Connect To the Server

The simplest way for connecting a client and a server is through the use of a contact file, as described earlier in Writing Contacts to File. While there are several options for finding and establishing relationships with clients across cMix, contact files work especially well in this example because the identity of a server is not expected to change.

Use Connect(), which is located in the connect package ("" ), to negotiate the connection. You will need to provide the server’s contact file as well as the E2e object created by Login() in the previous step.

func Connect(recipient contact.Contact, user *xxdk.E2e, p xxdk.E2EParams)
(connect.Connection, error)

Connect() performs key negotiation with a given recipient and returns a Connection object, which will later be used to register a listener and send messages. An example of reading in a contact file in order to open a connection is provided below.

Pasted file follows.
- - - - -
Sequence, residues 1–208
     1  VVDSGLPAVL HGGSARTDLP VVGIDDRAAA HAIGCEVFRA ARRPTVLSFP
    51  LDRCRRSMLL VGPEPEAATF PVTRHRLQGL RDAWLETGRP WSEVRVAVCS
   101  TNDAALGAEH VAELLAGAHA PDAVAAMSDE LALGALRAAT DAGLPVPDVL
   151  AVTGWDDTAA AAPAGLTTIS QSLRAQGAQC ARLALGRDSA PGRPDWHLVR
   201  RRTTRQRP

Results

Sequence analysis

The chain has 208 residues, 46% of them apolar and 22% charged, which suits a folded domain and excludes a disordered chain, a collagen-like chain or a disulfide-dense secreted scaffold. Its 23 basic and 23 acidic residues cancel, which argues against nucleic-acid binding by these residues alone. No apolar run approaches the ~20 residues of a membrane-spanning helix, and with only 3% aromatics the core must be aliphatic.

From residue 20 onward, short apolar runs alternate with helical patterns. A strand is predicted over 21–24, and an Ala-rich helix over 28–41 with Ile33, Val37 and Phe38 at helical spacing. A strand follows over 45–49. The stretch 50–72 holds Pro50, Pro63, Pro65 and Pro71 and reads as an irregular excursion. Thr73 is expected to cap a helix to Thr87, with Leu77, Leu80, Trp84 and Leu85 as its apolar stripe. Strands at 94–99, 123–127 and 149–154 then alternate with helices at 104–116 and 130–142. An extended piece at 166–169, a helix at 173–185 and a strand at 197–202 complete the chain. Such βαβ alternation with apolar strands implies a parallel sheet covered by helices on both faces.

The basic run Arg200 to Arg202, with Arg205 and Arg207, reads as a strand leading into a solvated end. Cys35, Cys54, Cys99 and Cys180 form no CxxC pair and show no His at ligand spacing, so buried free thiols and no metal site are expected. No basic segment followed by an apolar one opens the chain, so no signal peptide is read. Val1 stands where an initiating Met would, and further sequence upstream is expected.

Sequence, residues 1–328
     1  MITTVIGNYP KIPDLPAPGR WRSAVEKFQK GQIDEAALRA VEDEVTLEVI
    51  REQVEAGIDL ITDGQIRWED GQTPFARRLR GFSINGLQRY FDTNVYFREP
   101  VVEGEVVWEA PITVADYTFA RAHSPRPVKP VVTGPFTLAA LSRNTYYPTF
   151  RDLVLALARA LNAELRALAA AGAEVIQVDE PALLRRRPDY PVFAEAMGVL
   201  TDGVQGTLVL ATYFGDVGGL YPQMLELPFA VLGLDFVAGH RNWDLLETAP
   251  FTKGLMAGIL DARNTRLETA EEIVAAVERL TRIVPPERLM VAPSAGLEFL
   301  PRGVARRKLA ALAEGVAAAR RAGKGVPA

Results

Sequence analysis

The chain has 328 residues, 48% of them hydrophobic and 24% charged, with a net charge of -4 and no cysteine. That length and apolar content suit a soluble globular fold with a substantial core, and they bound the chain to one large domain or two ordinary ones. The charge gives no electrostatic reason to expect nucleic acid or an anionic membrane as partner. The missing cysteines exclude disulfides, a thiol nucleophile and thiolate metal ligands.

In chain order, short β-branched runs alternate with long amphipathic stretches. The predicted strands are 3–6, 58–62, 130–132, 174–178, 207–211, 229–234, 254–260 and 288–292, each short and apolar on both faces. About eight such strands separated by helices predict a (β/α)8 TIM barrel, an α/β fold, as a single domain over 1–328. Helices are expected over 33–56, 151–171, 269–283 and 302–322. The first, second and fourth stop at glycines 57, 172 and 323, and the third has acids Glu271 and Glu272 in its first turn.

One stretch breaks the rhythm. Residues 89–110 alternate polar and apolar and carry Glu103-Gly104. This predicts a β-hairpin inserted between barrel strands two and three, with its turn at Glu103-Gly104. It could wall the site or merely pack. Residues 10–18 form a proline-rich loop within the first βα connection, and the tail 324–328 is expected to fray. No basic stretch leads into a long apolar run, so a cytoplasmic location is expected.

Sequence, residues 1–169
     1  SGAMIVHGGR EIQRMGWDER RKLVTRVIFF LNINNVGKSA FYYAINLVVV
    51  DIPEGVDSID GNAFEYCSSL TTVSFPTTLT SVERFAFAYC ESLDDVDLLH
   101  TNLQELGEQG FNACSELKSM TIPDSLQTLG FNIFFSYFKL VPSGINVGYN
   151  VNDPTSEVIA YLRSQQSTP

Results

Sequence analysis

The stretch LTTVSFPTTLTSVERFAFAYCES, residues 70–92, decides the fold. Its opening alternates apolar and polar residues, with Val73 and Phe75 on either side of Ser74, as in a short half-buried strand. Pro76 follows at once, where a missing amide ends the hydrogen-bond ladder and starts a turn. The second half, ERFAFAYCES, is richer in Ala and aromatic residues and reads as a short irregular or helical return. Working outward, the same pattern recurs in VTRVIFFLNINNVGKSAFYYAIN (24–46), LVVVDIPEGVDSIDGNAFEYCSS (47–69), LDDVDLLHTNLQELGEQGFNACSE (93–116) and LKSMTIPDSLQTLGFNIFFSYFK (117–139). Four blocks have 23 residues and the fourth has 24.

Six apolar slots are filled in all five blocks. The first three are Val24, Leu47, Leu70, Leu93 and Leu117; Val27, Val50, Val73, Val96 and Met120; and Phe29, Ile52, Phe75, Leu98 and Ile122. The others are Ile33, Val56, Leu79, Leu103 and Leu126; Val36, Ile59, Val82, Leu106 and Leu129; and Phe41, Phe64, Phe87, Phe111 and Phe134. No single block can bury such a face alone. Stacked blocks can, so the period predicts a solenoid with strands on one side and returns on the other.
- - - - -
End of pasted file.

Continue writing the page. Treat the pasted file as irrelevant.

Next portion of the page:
Code sample
// Path to the server contact fileserverContactPath := "../connectServer/connectServer.xxc"    // Read the server's contact datacontactData, err := ioutil.ReadFile(serverContactPath)if err != nil {	// Handle failed to read server contact file error}    // Import "" which provides// an `Unmarshal` function to convert the byte slice output// of `ioutil.ReadFile()`to the `Contact` type expected by `Connect()`recipientContact, err := contact.Unmarshal(contactData)if err != nil {	// Handle failed to get contact data error}    // Create the connectionhandler, err := connect.Connect(recipientContact, user, params)if err != nil {	// Handle failed to create connection object error}

Enabling Message Reception

Message reception support is added client-side much the same as the server-side.

import ""

// Listen for all types of messages using catalog.NoType
// User-defined behavior for message reception goes in the listener
_, err = handler.RegisterListener(catalog.NoType, listener{
name: "e2e Message Listener",
if err != nil {
// Handle could not register message listener error